Learn how to put on a horse show. At some point you will be asked to help run a show. Get in on that knowledge now so you are not scrambling with all the rules and guidelines down the road. One of the biggest advantages in the industry is having an understanding of every facet of the sport. This will come in handy when you are sidelined from an injury and worried about income. All sides of showing are important, and when you are asked to help put together a fundraising show, you will actually be able to get things off the ground.
There is a good reason we keep hearing about equestrians in the industry today lacking depth, or breadth, or even 1/10th of the same knowledge as someone like Jimmy Williams:
“I learned to ride all kinds because he sold all kinds,” Williams said. Williams became a quick-change artist showing 75 to 100 horses a day–starting with fancy hunt duds to show thoroughbreds and ending with Western garb for quarter horses and stock horses.
“Dad carried a handful of rocks. If I rode sloppy, I’d get hit with one. He wanted me to sit straight, like an old Spaniard,” Williams said. “He taught me to ride like a gentleman.”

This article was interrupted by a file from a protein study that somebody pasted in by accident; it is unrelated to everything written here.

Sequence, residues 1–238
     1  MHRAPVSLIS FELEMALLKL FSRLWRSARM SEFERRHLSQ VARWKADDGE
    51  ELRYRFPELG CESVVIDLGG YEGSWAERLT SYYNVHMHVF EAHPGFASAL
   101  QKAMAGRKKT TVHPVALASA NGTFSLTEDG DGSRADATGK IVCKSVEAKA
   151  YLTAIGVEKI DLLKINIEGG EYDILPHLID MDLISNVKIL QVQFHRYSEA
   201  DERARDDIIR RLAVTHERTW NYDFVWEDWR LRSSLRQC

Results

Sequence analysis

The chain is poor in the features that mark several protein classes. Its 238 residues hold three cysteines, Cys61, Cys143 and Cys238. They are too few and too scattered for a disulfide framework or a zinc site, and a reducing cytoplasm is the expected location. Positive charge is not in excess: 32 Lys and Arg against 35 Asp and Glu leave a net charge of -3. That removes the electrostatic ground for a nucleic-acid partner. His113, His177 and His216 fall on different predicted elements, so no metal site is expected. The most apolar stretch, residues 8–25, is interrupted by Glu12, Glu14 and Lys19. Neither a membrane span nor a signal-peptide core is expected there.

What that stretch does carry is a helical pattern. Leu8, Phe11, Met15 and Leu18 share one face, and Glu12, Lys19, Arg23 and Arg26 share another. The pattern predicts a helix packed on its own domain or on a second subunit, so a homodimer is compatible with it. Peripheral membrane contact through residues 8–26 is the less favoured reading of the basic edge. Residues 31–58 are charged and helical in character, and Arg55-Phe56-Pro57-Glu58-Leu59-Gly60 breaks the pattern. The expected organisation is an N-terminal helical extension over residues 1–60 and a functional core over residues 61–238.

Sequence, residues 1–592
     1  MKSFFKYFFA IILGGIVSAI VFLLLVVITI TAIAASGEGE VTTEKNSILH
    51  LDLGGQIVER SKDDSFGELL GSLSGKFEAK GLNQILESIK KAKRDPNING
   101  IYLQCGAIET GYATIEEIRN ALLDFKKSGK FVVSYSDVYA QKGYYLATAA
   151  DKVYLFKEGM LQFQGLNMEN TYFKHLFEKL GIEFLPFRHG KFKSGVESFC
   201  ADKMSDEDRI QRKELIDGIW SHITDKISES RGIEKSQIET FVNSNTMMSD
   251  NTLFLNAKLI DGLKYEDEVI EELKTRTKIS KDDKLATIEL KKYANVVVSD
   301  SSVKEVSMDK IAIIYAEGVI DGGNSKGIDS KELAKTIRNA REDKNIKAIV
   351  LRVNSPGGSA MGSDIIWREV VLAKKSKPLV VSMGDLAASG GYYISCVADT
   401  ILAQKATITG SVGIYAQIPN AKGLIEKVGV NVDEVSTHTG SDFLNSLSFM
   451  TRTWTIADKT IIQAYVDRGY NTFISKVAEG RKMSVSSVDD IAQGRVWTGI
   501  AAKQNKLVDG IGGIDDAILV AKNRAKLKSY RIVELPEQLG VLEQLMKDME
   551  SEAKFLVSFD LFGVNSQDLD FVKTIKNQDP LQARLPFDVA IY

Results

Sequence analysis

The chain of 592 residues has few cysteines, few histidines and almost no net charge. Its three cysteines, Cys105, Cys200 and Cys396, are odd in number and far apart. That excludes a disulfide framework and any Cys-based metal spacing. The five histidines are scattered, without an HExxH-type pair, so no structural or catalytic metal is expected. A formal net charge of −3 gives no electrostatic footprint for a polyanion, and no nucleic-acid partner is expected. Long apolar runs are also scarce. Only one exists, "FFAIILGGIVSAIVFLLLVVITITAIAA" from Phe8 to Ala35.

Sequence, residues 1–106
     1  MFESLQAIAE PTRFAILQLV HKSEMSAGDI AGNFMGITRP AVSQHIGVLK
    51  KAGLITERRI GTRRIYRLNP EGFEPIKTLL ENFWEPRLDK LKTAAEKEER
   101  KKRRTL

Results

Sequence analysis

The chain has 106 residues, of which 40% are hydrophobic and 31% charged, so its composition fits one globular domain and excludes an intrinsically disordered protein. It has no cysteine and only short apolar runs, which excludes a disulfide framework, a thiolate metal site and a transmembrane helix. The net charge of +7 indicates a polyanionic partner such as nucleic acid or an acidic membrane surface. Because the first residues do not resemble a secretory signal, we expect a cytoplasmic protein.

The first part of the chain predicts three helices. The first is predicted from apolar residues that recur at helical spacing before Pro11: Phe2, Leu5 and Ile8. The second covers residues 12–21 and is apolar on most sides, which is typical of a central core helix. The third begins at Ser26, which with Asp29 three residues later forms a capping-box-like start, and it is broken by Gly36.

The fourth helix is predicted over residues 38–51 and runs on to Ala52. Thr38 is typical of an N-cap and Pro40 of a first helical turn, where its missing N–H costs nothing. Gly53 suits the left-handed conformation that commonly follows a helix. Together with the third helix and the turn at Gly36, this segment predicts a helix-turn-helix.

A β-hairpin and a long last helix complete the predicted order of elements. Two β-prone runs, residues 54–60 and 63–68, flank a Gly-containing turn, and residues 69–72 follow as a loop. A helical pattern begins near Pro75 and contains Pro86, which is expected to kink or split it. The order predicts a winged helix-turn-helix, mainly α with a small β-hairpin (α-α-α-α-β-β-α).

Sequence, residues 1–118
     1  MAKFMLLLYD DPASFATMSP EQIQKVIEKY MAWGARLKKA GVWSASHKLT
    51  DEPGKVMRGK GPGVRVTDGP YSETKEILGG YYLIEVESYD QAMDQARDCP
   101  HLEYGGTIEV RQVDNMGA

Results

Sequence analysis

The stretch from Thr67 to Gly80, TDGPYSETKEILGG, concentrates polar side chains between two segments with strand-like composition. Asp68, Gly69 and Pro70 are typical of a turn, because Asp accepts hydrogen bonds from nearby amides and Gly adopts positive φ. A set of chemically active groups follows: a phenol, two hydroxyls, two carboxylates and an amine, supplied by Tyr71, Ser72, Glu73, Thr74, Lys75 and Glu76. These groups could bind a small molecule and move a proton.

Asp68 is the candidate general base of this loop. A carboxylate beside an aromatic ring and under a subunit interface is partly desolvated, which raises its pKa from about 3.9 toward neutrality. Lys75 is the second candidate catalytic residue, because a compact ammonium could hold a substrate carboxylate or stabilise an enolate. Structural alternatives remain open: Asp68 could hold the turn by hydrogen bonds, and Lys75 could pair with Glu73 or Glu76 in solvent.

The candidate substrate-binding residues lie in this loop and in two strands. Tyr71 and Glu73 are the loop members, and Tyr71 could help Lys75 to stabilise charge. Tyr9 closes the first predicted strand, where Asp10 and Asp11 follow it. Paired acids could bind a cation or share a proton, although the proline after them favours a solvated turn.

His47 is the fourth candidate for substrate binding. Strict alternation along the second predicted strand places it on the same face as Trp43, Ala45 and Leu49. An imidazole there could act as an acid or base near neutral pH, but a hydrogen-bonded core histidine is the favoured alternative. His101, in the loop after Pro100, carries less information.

“It takes three years to train a horse and about the same to train a rider,” Williams said, though he emphasizes that horse, rider and trainer never stop learning. “I’m still learning. I’m better this year than I was last year.”
“It’s what you learn after you think you know it all that counts” is one of Williams’ favorite sayings. Fond of proverbs, his own and others’, he has them plastered on his horse trailers, pickup, golf cart and in his house.
We may never have another legend like Jimmy Williams, and I don’t recommend throwing rocks to achieve better position, but he thought outside the box every dang day of his life.
It is easy to start the shift back to better horsemanship for the future. All the information is right in front of you. Go get it.
Originally published at deloiseinamerica.com
About the Author
Deloise Noble-Strong runs Noble Stables in Upperco, Maryland. Following several generations of horse enthusiasts, Deloise has a lifetime of accomplishments in the show ring and has been importing high quality show hunters for over two decades. She shares her opinions on all things equine at deloiseinamerica.com.